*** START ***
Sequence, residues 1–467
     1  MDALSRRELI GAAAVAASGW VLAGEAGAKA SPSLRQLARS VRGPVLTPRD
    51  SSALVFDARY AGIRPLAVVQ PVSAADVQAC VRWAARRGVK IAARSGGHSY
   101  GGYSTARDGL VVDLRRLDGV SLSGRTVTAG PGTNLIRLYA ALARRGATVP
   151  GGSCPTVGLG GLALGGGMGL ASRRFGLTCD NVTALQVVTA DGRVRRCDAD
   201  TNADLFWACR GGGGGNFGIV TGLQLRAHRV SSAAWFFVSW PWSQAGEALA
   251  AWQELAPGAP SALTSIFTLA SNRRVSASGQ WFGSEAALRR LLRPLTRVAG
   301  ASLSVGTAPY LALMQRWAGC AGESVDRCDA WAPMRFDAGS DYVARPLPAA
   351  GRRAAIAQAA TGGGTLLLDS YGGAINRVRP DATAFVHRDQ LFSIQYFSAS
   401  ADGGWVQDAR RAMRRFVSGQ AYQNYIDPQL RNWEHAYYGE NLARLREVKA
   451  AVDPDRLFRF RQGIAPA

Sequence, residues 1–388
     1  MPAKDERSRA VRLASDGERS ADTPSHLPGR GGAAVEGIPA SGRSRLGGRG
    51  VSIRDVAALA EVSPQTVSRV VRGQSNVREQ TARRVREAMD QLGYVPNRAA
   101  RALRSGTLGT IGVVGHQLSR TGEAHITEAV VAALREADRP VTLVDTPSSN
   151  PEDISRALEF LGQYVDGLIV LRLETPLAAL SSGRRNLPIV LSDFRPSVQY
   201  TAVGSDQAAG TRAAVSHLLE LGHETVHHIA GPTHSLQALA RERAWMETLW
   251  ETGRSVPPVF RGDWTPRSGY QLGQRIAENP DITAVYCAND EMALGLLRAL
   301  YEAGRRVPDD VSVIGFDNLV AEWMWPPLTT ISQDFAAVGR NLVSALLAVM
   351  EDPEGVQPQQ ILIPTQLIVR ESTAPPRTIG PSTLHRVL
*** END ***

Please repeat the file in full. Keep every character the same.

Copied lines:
Sequence, residues 1–467
     1  MDALSRRELI GAAAVAASGW VLAGEAGAKA SPSLRQLARS VRGPVLTPRD
    51  SSALVFDARY AGIRPLAVVQ PVSAADVQAC VRWAARRGVK IAARSGGHSY
   101  GGYSTARDGL VVDLRRLDGV SLSGRTVTAG PGTNLIRLYA ALARRGATVP
   151  GGSCPTVGLG GLALGGGMGL ASRRFGLTCD NVTALQVVTA DGRVRRCDAD
   201  TNADLFWACR GGGGGNFGIV TGLQLRAHRV SSAAWFFVSW PWSQAGEALA
   251  AWQELAPGAP SALTSIFTLA SNRRVSASGQ WFGSEAALRR LLRPLTRVAG
   301  ASLSVGTAPY LALMQRWAGC AGESVDRCDA WAPMRFDAGS DYVARPLPAA
   351  GRRAAIAQAA TGGGTLLLDS YGGAINRVRP DATAFVHRDQ LFSIQYFSAS
   401  ADGGWVQDAR RAMRRFVSGQ AYQNYIDPQL RNWEHAYYGE NLARLREVKA
   451  AVDPDRLFRF RQGIAPA

Sequence, residues 1–388
     1  MPAKDERSRA VRLASDGERS ADTPSHLPGR GGAAVEGIPA SGRSRLGGRG
    51  VSIRDVAALA EVSPQTVSRV VRGQSNVREQ TARRVREAMD QLGYVPNRAA
   101  RALRSGTLGT IGVVGHQLSR TGEAHITEAV VAALREADRP VTLVDTPSSN
   151  PEDISRALEF LGQYVDGLIV LRLETPLAAL SSGRRNLPIV LSDFRPSVQY
   201  TAVGSDQAAG TRAAVSHLLE LGHETVHHIA GPTHSLQALA RERAWMETLW
   251  ETGRSVPPVF RGDWTPRSGY QLGQRIAENP DITAVYCAND EMALGLLRAL
   301  YEAGRRVPDD VSVIGFDNLV AEWMWPPLTT ISQDFAAVGR NLVSALLAVM
   351  EDPEGVQPQQ ILIPTQLIVR ESTAPPRTIG PSTLHRVL